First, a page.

FOGs (Fat, Oil & Grease)

Kieran Watman

Fats, oils, grease and food waste cause major problems in our drains and sewers. When disposed of down kitchen sinks, toilets or drains, this waste congeals to form blockages which can lead to flooding and pollution.

When these products enter the drainage systems that carry roof water from our homes and surface water from our drives or pathways, they can directly pollute our streams and rivers.


What happens to the fat?

Fats, oils and grease (FOG) in liquid form may not appear to be harmful but when disposed of into the drainage system they mix with food and other sanitary waste, congeal and harden in the pipe. Over time this grows to form blockages.

Using detergents or bleach may have some impact on clearing grease and other debris from the pipework beneath the kitchen sink, but these chemicals have little impact when they become naturally diluted in the sewer network.


What happens to the waste pipes?

Gradually the fats, oils and grease build up in the sewer network until blockages occur. This is a significant problem.

The water and sewerage companies in the UK respond to approximately 366,000 sewer blockages every year. There are several hundred thousand more which occur in customers’ own pipework, for which they have to arrange clearance and repair. In some parts of the country three-quarters of these are caused by fats, oils and grease.

The clean-up costs for the water industry run to millions of pounds, costs which are ultimately passed on to customers through wastewater bills.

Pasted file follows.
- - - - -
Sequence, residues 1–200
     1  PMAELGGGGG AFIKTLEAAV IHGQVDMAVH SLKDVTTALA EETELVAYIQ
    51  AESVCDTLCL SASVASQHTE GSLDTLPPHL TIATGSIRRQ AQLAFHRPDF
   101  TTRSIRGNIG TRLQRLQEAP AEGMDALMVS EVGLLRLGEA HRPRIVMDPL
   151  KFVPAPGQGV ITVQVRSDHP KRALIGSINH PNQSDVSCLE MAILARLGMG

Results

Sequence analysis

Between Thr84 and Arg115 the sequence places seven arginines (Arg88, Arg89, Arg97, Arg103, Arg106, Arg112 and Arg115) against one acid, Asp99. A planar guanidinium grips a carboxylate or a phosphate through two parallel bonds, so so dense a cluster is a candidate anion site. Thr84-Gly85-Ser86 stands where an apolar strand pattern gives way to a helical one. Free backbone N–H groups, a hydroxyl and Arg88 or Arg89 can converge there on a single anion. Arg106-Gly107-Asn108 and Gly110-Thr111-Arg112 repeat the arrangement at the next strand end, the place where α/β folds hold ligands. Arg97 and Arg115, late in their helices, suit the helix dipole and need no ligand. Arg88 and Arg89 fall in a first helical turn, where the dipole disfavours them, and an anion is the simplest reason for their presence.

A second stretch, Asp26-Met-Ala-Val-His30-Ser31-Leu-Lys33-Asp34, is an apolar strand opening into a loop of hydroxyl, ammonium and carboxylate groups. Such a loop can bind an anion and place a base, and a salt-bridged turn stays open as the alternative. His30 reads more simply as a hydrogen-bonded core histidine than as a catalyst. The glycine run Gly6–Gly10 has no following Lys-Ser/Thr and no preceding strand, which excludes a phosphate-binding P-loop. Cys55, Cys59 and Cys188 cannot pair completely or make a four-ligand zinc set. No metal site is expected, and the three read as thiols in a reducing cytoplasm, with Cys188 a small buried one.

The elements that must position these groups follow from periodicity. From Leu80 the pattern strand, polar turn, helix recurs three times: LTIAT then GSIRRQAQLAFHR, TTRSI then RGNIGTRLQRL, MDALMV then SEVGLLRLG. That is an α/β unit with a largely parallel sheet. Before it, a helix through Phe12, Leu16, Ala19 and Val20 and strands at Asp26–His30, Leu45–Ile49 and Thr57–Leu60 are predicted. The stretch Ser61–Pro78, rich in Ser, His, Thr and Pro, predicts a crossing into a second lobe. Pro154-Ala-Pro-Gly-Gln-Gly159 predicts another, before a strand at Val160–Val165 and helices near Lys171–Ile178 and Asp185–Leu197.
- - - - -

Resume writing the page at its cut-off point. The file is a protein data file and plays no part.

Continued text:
Many sewer blockages occur because catering establishments have inadequate procedures in place to dispose of fats and food waste incorrectly.


What happens to the environment?

Our sewers were designed to carry sewage and not other forms of waste. Where these sewers also carry rainwater from our roofs and other paved areas, any accumulation of debris in the drainage system can rapidly overload the network. Where storm overflows exist in our sewers this can lead to unnecessary discharges of untreated sewage into our streams and rivers. Where such overflows do not exist, sewage flooding can occur to homes, businesses, parks, gardens and other open spaces.


What’s the answer?

The water industry has published best practice guidelines to ensure that fats, oils and grease are disposed of correctly and do not enter drains and sewers.

Individual water and sewerage companies also publish advice to customers on the correct use of the wastewater network and alternative disposal methods for fats, oils, grease and other waste products which are not suitable for disposal via the domestic drainage system.

Commercial companies exist for the collection and disposal of fats, oils and grease. These ensure that such waste is carried, managed and disposed of appropriately. The activities of these companies are regulated by the Environment Agency or SEPA in Scotland.


The fat facts

Blockages account for 80% of sewer flooding incidents in the UK and more than 5,000 properties are flooded each year as a result.

There are approximately 370,000 sewer blockages throughout the UK every year, of which up to 80% are caused by fats, oils and grease, wipes, sanitary waste and other un-flushable items.

Around £100 million is spent annually on reactive blockage clearance nationwide, with further costs for clean-up after flooding incidents. These costs will be paid for through customer bills.

Through sewer flooding, FOG build-up is indirectly responsible for many cases of property damage and pollution incidents.

Even when FOG compounds cause few problems in sewers, they can result in serious difficulties at sewage pumping stations, including problems with build-up.

If we all take care not to dispose of fats, oils, grease or other food waste into the sewerage system, the number of customers affected by flooding and the impact on our environment will be significantly reduced.


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